Sunday, 8 July 2018

Garry Starr Performs Everything - The King's Arms Theatre, Salford.




Sick of Shakespeare? Baffled by Butoh? Cringing at Chekhov? Have no fear, Garry Starr is here and he’s on a mission to save theatre! In Garry Starr Performs Everything, Starr (the alter ego of Australian actor Damian Warren-Smith) races through various forms of theatre in about an hour, to revive the dying art of theatre by getting audiences' members interested in it, so they go and watch it and save theatre as an artform. Part one-man comedy show, part love letter to live theatrical performance, Garry Starr Performs Everything is a rip-roaring hour of entertainment.

Emerging to an overly portentous voice-over and dramatic music, Starr entered the stage performing a mime to a pounding techno beat, dressed in a mish-mash of a costume: Elizabethan ruff, leather jacket, and ballet tights. Starr’s physical skills were hugely impressive, his miming was graceful and his physicality was hugely expressive. After introducing himself, Starr went on to tackle Shakespeare. “Shakespeare…it’s slow, isn’t it?” he asked the audience. “But it wasn’t in Shakespeare’s day. Hamlet wasn’t five hours long. The average life expectancy back then was ten!” Starr then proceeded to demonstrate how Act 2 Scene 2 of Hamlet would have been performed in the 16th century: the dialogue raced through at double speed! From here, he tackled Burlesque – complete with nipple tassels! Again, this gave Starr the chance to demonstrate his superb physical control and skills; while the show took a very tongue-in-cheek approach to the theatrical forms it was engaging with, there was still an element of respect embedded within Starr’s performance.

Next to be performed by Starr was the Melodrama and he plucked an unwitting assistant from the audience to perform an extract from Harold Pinter’s The Lover (albeit with a different scene ending grafted on to make it more Melodramatic!). Cue much discussion of not saying stage directions and the difference in pauses (“That’s an Ibsen pause, not a Pinter pause!” Starr exclaimed at his coerced co-star), although the audience member certainly quipped back as good as she got. After this the audience was ‘treated’ to Starr’s ballet performance, dressed only in ballet shoes and a G-string! The front row audience got a closer view of Starr than maybe they would have liked!

For the acting geeks in the audience there was a silly but funny joke involving Uta Hagen before Garry presented an excursion into farce, in a slinky black dress. Next up was perhaps the most interesting presentation: Butoh theatre. After asking nearly every audience member if they “know Noh” or if they “know Butoh”, Starr stumbled across someone who did know both Japanese theatrical forms and had seen them both. Starr handed the audience member a drum and they began to beat out a varying rhythm on it. Starr’s movements responded in time to the speed of the rhythm as he played out a comic scene of someone taking a drink from a fridge, consuming it and being poisoned. Again, a superb demonstration of his physical theatre and clowning skills. From here, Starr attempted to revive the art of slapstick which involved him hitting audience members onstage with a foam stick in time to the percussion in the chorus of the Simon and Garfunkel song ‘The Boxer.’ Starr then followed this with an excursion into a specific type of “Euro” Theatre which, he said, was all about stripping theatre back to its roots (like what Artaud attempted with his Theatre of Cruelty): Chekhov was (accurately) performed as manic laughing and crying, Ibsen’s Hedda Gabler became a brief sigh, and his take on Franz Kafka’s Metamorphosis was an insect-like dance!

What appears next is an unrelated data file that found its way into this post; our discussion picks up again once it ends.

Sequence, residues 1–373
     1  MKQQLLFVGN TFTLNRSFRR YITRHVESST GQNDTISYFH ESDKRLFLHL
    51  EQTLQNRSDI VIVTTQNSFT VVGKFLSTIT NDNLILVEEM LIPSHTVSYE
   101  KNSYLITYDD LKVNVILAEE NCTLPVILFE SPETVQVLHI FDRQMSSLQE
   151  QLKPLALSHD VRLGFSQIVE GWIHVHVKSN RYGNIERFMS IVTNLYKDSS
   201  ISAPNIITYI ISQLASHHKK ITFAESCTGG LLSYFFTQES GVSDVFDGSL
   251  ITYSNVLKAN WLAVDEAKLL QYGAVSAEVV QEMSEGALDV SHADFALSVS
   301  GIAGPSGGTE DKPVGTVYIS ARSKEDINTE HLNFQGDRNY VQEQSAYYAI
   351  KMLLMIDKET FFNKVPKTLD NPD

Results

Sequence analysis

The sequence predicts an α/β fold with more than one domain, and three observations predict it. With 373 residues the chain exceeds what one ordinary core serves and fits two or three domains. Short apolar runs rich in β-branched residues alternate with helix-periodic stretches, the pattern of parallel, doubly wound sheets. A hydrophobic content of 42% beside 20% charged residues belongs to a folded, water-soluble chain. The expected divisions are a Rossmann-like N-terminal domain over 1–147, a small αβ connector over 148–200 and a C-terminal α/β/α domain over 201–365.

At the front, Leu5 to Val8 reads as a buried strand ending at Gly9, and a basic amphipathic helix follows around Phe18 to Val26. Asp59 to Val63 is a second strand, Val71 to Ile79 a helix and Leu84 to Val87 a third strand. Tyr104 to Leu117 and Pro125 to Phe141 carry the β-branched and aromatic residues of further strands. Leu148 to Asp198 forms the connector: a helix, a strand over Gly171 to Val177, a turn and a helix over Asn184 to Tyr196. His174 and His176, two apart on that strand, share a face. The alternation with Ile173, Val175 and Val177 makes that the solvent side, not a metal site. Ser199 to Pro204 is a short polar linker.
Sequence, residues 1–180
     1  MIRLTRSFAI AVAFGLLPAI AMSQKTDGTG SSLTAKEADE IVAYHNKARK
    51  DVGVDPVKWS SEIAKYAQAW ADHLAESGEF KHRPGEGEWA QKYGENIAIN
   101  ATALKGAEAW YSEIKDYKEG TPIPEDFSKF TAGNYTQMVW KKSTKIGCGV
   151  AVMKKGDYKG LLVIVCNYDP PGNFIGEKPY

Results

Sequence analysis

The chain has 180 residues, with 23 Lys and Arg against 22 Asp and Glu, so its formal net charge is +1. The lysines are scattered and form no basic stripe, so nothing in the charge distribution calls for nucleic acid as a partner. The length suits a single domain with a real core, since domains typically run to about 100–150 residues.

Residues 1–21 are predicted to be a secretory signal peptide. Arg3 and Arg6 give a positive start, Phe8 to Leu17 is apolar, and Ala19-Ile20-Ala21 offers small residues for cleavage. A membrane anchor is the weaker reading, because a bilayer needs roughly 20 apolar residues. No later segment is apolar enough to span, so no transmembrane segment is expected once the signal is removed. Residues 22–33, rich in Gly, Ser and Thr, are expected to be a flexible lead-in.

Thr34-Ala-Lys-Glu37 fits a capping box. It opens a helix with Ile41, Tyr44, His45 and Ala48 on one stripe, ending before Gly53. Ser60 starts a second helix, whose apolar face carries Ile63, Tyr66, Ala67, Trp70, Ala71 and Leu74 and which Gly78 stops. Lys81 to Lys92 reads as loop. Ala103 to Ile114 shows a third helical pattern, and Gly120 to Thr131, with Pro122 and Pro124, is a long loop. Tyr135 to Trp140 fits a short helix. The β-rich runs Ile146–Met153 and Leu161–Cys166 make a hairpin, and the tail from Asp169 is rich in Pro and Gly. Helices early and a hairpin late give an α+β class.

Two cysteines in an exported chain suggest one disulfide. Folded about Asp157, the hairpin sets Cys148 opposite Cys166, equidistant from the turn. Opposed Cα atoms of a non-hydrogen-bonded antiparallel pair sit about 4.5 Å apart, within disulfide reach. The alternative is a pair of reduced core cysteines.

Starr’s exploration of tragedy, however, was perhaps the highlight of the night. A re-enactment of the end of Romeo and Juliet but with a twist: “It’s easy to make Shakespeare sound contemporary,” Starr said, “any Tom, Dick, or Cumberbatch can do that. The trick is to take something contemporary and make it sound Shakespearian!” He then proceeded to wring every ounce of tragic delivery to the lyrics of the Britney Spears songs ‘Hit Me Baby One More Time’ and ‘Toxic’ as his Romeo discovered Juliet and then poisoned himself with a kiss. A very clever and very funny performance which summed up the show: funny but respectful to the art of theatre.

Starr’s venturing into mask-work saw the humour become decidedly more adult, with him showing literally “everything” while in a trance-like state wearing a commedia dell’arte style mask, removing the mask and running off-stage in embarrassment to have a conversation with his mask self before emerging, triumphantly, as a clown to perform a fantastic ‘cirque-noveau’ routine and ending the show with a Musical Theatre tribute by performing ‘Defying Gravity’ from the musical Wicked.

Being an hour long, the show does not outstay its welcome and provides much hilarity throughout. Starr (or should that be Warren-Smith?) is a thoroughly engaging performer with superb timing and physical skills. Credit should also be given to his technical assistant who kept the lights and sounds going flawlessly. If you get the chance to see Garry Starr Performs Everything, take it. It really will make you fall in love with theatre as an artform again.



Reviewer - Andrew Marsden
on - 6/7/18   

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